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I am using an image as the background for my site. It has a black/white gradient, and is 1px wide.

The CSS:


which makes it repeat itself. The height of the image is 2000px.

Is it possible to change the height of the image dynamically, so it fits all page sizes: If the height of a page is less than 2000px, the height of the image should be smaller, if the height of the page is bigger, the image should be bigger.

Thanks in advance

I have tried various in-browser gradient techniques, and they dont seem to work the same on all browsers.

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up vote 0 down vote accepted

Maybe am not getting the right context of your question, but this can be do it easily with somethin like

#SomeImg.src {
width: 100%;
position: absolute;
top: 0;
left: 0;

Resize this page to see it action: http://css-tricks.com/examples/ImageToBackgroundImage/

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Thanks for your answer. If the height of the image is 2000px, this does not resize the height. height: 100% does not work either :/ – Kenci Jun 5 '12 at 21:47
I changed it to position: fixed and height: 100%, this seems to work fine. I will have to test it on another screen first. – Kenci Jun 5 '12 at 21:51
yes, the code is just an example, but yes, with something like the code you wrote should work fine... cheers! – FelipeDev.- Jun 5 '12 at 21:57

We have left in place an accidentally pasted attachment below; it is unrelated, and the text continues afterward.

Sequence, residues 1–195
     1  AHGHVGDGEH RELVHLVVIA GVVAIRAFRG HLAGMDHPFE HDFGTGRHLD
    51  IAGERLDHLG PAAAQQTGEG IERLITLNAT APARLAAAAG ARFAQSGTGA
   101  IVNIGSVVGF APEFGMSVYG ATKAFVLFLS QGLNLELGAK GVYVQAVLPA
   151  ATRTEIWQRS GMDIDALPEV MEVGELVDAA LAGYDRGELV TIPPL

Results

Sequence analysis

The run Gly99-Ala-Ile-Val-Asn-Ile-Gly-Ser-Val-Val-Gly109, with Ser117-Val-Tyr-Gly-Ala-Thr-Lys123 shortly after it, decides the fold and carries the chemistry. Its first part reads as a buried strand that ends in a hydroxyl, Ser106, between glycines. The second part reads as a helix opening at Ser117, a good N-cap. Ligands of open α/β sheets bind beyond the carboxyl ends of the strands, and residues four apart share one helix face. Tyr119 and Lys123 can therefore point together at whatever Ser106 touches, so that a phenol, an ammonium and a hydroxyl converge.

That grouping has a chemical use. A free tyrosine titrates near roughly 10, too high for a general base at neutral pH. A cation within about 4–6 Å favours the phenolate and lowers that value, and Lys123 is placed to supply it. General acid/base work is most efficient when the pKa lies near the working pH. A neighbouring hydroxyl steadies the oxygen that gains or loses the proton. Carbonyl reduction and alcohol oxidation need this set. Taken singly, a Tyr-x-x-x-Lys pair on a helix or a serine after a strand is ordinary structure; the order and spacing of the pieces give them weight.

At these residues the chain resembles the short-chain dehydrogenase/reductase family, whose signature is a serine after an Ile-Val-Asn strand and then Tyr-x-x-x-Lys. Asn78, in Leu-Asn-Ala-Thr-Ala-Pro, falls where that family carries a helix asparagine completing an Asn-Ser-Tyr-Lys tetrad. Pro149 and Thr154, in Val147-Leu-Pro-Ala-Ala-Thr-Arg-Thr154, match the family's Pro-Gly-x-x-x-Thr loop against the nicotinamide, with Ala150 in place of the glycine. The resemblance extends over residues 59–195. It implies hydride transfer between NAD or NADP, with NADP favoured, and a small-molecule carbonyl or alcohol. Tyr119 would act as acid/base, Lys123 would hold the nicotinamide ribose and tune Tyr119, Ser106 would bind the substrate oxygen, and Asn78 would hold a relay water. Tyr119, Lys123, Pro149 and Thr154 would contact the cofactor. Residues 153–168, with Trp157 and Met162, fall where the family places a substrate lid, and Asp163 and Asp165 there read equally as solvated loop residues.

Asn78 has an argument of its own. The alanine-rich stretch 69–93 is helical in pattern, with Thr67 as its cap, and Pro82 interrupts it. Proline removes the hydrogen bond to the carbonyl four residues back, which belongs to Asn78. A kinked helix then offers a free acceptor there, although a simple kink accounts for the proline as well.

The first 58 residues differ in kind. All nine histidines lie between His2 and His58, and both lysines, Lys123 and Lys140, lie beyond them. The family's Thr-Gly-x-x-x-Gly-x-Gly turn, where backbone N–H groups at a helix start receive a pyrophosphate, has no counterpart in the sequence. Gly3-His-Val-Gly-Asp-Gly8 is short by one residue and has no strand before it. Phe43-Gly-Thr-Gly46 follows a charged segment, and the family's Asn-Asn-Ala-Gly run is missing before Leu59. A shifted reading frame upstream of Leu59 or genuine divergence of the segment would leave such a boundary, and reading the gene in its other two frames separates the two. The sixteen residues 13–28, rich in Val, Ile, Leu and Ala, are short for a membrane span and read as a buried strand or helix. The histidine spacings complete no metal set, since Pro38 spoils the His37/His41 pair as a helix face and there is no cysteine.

I usually approach this problem in one of two ways.

If you can use CSS3, then use CSS gradients (I always find http://colorzilla.com/gradient-editor/ a good choice to play about with gradients), you can then set this to be 100% height of the window.

If CSS3 isn't an option, i usually just pick a height, say 500px, and make a gradient for that. Then, since gradients typically go from colour A to colour B, just set the underlying background colour to match colour B and the gradient will work similarly on all monitors.

Assuming a gradient going from blue to black:

body {
    /* ensure body always fills viewport */
    min-height: 100%;

    /*gradient fades to black so set underlying BG to black*/
    background: url(/path/to/gradient.gif) repeat-x #000; 
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With CSS3 you can use background-size: cover and there are some other techniques discussed here.

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You could create several images with varying heights and dynamically match the closest image size. If you do this you'd need to tie into the window.resize event to update the image if the user resizes the window.

window.onload = setBackgroundImage;
window.onresize = setBackgroundImage;

function setBackgroundImage() {
    var winH = 500;
    if (document.body && document.body.offsetWidth) {
        winH = document.body.offsetHeight;
    } else if (document.compatMode=='CSS1Compat' && document.documentElement && document.documentElement.offsetWidth ) {
        winH = document.documentElement.offsetHeight;
    } else if (window.innerWidth && window.innerHeight) {
        winH = window.innerHeight;

    if (winH > 400) {
        document.body.style.backgroundImage = "url('../image/gradient800px.png')";
    } else if (winH > 800) {
        document.body.style.backgroundImage = "url('../image/gradient1000px.png')";
    } else if (winH > 1000) {
        document.body.style.backgroundImage = "url('../image/gradient1500px.png')";
    } else if (winH > 1500) {
        document.body.style.backgroundImage = "url('../image/gradient2000px.png')";
    } else {
        document.body.style.backgroundImage = "url('../image/gradient400px.png')";

I don't think the solution is very pretty, but it should work.

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